Obviously, from the name, hardiness is one reason. Hardy kiwifruits will laugh off cold below even minus twenty-five degrees Fahrenheit, while market kiwis are injured below zero degrees Fahrenheit.

Another difference is in the fruit itself. Hardy kiwifruits are grape-size, with smooth, edible skins. Pop them into you mouth just as with grapes. Within the skin, hardy kiwifruits look …

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FINAL REMINDER FOR BLUEBERRY GROWING WORKSHOP WEBINAR ON AUG. 12, 2020, FROM 7-8:30 PM

Final reminder for my zoom Blueberry Growing Workshop/Webinar on August 12, 2020 from 7-8:30 pm EST. I’ll cover everything from planting right through harvest and preservation. If you’re new to growing blueberries, you’ll learn how to grow this fruit successfully. If you already grow blueberries, you’ll be able to grow them better. If you’re an expert on growing blueberries, you don’t need this workshop/webinar. Registration ($35) at https://us02web.zoom.us/webinar/register/WN_NSTrunuTRkOcRfS-frQuYg. For more information, go to http://www.leereich.com/workshops.

BLUEBERRIES AND ASPARAGUS (SEPARATELY)

All Good

I’ve never met a blueberry I didn’t like. Then again, I have yet to taste a rabbiteye blueberry (Vaccinium asheii), native to southeastern U.S. and highly acclaimed there. I also have yet to taste Cascades blueberry (V. deliciosum), native to the Pacific northwest. With “deliciosum” as its species name, how could it not taste great? And those are just two of the many species of blueberry that I’ve never tasted that are found throughout the world.

The blueberries with which I am most familiar are those that I grow, which are highbush blueberry and lowbush blueberry. I grow blueberries because they are beautiful plants, because they are relatively pest free, because they are delicious, and because they fruit reliably for me year after year. 

I have to admit that highbush blueberries, at least to me, all taste pretty much the same. They have nowhere the broad flavor spectrum of apples. Tasting …

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OF COMPOST, MICROWAVES, AND BLUEBERRIES

Manure Unnecessary

Manure or not, it’s compost time. I like to make enough compost through summer so that it can get cooking before autumn’s cold weather sets in. Come spring, I give the pile one turn and by the midsummer the black gold is ready to slather onto vegetable beds or beneath choice trees and shrubs.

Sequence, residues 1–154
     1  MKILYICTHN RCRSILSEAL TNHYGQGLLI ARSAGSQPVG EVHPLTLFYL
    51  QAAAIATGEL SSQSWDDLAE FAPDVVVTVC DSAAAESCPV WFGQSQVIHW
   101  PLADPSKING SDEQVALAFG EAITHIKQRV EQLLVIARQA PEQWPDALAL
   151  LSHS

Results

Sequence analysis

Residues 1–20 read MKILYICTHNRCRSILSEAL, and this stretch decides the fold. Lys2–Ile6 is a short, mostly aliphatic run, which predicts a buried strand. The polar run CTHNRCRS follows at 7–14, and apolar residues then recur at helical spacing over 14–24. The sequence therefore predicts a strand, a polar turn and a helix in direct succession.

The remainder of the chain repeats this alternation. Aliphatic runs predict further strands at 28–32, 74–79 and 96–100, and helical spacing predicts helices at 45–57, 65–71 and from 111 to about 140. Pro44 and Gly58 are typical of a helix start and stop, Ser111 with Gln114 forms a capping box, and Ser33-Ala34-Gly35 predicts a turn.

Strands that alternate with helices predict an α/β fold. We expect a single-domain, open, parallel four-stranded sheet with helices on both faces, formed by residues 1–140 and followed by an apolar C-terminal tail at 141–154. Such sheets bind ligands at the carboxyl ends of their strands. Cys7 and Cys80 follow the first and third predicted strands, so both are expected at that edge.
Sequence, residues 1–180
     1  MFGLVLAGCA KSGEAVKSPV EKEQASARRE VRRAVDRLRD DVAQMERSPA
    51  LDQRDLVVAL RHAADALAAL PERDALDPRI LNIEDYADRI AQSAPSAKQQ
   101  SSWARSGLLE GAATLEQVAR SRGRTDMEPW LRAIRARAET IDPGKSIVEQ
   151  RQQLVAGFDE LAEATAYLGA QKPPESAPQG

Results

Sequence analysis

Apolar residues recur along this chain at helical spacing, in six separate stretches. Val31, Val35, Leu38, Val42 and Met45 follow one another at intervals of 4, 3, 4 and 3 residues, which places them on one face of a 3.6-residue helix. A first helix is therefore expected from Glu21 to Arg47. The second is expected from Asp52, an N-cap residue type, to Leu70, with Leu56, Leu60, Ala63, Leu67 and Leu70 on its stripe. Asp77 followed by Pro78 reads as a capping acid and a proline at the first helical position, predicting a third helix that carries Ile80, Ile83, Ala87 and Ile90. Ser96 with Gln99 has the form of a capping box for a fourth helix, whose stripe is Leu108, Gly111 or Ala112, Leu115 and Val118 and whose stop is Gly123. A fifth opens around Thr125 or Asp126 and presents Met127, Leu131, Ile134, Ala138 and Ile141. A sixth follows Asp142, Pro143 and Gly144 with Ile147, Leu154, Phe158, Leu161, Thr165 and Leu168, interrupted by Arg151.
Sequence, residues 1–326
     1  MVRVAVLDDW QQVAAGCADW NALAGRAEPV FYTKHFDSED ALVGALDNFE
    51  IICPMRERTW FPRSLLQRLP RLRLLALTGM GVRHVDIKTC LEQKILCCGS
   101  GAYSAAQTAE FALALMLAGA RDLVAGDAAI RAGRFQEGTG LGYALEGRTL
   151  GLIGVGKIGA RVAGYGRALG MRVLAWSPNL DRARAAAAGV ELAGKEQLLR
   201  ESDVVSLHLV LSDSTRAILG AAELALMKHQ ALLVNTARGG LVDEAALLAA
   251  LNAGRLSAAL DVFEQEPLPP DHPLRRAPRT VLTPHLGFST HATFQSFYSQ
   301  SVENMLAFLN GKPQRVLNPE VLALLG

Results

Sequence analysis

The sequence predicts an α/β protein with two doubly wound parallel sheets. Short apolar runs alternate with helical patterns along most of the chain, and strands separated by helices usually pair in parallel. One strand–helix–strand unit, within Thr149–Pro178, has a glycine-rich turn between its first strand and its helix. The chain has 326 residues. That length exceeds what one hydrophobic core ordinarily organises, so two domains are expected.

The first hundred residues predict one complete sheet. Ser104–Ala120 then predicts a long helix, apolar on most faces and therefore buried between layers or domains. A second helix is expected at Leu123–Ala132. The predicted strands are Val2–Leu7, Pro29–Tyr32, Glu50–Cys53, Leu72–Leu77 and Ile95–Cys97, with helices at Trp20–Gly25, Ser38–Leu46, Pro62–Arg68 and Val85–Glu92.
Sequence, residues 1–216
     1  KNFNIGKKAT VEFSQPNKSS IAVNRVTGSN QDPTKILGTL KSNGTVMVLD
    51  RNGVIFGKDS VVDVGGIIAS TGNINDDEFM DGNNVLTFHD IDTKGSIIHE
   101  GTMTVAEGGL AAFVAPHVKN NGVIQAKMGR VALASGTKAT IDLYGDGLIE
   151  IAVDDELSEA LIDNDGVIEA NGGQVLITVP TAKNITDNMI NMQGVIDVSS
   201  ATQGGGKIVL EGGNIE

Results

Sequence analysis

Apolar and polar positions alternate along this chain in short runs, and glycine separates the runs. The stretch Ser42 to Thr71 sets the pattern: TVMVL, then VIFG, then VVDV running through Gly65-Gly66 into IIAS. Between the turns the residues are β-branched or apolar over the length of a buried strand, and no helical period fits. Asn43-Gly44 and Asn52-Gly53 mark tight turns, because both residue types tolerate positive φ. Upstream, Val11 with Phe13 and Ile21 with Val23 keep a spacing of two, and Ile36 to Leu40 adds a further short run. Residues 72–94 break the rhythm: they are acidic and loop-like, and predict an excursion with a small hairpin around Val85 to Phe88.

I haven’t gotten around to getting some manure for awhile so I just went ahead this morning and started building a new pile without manure. It’s true: You do not need manure to make compost. Any pile of organic materials will decompose into compost given enough time.

My piles are a little more deliberate than mere heaps of organic materials. For one thing, everything goes into square bins each about 4′ on a side and built up, along with the materials within, Lincoln-log style from notched 1 x 6 manufactured wood decking. Another nice feature of this …

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DRIP WORK

Many Benefits of Drip

I’m a big fan of drip irrigation, an irrigation system by which water is frequently, but slowly, applied to the soil. It’s better for plants because soil moisture is replenished closer to the rate at which they drink it up. With a sprinkler, soil moisture levels vacillate between feast and famine.

Because of the efficient use of water, drip is also better for the environment, typically using 60 percent less water than sprinkling.

And drip is better for me — and you, if your garden or farmden is dripped. By pinpointing water to garden plants, large spaces between plants stay dry so there’s less weeds for us to pull. And best of all, with an inexpensive timer at the hose spigot, I turn on the system in April and then pretty much forget about watering until the end of the growing season.

Troubleshooting

Today I was reminded about the “pretty much” …